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(Russian grosh, Polish grosz, German Groschen; from Latin denarius grossus, a heavy coin), a coin of various periods and countries.
Coinage of the groat began in Italy in the 12th century and in many other European countries in the 13th and 14th. Initially it was a large silver coin. In the 14th and 15th centuries the weight of the groat and the quality of its metal declined and it came to be used for small change.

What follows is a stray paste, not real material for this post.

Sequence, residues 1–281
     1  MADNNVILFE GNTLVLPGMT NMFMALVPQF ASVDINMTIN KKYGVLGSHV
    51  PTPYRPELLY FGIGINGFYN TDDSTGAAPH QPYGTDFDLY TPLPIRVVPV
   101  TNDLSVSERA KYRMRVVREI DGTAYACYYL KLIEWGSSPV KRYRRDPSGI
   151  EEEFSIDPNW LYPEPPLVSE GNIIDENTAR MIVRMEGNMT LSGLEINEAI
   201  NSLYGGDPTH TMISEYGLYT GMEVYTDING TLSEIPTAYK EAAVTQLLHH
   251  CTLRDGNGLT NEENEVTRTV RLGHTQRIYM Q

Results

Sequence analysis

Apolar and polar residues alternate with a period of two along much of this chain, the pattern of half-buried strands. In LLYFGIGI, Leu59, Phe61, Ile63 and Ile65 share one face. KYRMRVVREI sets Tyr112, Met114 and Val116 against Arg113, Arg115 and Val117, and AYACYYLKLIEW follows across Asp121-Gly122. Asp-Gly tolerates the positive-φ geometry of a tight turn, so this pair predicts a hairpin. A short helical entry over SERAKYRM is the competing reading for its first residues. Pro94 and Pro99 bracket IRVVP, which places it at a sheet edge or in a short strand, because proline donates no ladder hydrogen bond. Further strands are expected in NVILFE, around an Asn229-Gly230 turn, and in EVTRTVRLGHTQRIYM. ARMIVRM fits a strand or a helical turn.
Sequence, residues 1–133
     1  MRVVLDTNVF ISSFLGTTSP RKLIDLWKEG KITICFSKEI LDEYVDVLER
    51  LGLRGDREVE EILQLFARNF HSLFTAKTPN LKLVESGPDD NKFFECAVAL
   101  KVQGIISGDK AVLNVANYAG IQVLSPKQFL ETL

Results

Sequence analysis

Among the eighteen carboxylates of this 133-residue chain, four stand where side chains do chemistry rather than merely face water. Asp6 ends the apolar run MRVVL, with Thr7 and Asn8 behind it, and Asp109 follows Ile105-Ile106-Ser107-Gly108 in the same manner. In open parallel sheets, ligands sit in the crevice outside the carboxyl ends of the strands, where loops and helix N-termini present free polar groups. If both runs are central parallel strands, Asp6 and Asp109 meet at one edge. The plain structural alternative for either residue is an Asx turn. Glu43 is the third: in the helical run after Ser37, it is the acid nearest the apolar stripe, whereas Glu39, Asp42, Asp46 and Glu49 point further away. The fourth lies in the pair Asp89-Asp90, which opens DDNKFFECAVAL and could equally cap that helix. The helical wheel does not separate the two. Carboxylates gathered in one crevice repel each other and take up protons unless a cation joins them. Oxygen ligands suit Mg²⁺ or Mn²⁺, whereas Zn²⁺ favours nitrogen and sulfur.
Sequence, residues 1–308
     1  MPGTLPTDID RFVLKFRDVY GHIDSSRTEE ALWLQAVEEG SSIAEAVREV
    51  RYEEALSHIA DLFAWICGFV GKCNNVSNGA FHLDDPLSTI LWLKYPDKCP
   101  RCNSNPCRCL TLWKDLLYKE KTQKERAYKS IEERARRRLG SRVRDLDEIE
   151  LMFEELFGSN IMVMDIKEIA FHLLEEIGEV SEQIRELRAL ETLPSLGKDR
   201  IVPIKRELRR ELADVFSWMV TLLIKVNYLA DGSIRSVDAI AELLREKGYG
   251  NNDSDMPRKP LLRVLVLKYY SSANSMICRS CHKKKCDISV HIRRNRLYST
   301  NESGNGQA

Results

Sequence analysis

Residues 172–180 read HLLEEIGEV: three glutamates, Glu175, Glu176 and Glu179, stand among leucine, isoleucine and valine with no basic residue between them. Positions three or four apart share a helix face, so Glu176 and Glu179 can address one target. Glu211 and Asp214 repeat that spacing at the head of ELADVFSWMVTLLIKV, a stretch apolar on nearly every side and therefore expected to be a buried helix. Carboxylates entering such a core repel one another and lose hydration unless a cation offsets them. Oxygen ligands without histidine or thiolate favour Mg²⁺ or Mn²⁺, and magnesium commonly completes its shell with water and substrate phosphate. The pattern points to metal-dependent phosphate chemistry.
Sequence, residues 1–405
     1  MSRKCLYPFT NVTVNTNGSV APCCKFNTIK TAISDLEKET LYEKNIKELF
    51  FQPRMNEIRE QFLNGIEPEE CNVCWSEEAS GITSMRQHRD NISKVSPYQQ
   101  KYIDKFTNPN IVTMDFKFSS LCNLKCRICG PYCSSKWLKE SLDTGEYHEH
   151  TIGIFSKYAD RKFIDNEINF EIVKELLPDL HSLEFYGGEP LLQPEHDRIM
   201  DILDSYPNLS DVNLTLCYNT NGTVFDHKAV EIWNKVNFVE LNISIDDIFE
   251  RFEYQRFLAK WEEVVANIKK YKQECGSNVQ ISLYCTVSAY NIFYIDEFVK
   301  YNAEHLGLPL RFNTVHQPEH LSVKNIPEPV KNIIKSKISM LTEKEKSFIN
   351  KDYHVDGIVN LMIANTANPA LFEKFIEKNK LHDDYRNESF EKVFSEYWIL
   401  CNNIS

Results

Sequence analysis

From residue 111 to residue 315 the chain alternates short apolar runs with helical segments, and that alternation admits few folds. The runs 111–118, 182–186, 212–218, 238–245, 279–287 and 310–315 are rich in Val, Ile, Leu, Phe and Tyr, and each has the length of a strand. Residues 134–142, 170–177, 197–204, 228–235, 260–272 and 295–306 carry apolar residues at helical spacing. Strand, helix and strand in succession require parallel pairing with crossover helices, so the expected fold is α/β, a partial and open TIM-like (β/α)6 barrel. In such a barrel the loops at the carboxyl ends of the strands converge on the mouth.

In Russia coinage of the grosh was started in 1654. In the 17th and 18th centuries copper groshi worth 2 kopeks were in circulation; in the 19th century the grosh came to be called a half kopek. The groat is a present-day coin of Poland and Austria: the Polish grosz equals 1/100 of a zloty (there are 50-, 20-, 10-, 5-, and 1-grosz coins in circulation), and the Austrian Groschen equals 1/100 of a Schilling (with 50-, 20-, 10-, 2-, and 1-Groschen coins in circulation). Figuratively the term “groat” is used to mean a paltry sum.